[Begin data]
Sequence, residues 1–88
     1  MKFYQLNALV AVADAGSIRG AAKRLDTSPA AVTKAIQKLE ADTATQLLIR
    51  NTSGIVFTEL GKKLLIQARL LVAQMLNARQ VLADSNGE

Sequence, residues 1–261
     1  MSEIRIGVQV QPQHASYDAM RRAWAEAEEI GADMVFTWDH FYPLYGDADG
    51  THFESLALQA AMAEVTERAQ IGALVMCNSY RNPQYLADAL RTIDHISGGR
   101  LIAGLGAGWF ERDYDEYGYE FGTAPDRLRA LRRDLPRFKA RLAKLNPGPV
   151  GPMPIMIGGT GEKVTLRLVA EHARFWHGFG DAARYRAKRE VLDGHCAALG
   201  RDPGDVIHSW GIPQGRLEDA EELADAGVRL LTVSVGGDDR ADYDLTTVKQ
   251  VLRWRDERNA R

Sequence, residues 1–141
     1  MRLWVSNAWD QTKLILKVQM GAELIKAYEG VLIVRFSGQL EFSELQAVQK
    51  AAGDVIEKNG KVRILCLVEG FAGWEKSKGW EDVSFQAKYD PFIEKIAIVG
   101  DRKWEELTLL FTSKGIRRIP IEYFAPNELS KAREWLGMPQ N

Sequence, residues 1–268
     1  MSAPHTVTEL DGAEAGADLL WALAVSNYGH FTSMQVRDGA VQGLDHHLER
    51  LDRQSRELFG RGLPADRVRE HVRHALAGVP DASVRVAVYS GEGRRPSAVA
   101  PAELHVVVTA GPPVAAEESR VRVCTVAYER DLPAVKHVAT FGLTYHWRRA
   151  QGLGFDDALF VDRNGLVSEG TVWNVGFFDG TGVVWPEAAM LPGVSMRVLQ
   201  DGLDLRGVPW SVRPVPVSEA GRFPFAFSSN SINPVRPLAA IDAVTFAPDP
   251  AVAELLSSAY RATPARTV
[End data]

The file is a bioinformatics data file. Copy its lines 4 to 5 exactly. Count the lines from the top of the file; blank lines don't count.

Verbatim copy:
Sequence, residues 1–261
     1  MSEIRIGVQV QPQHASYDAM RRAWAEAEEI GADMVFTWDH FYPLYGDADG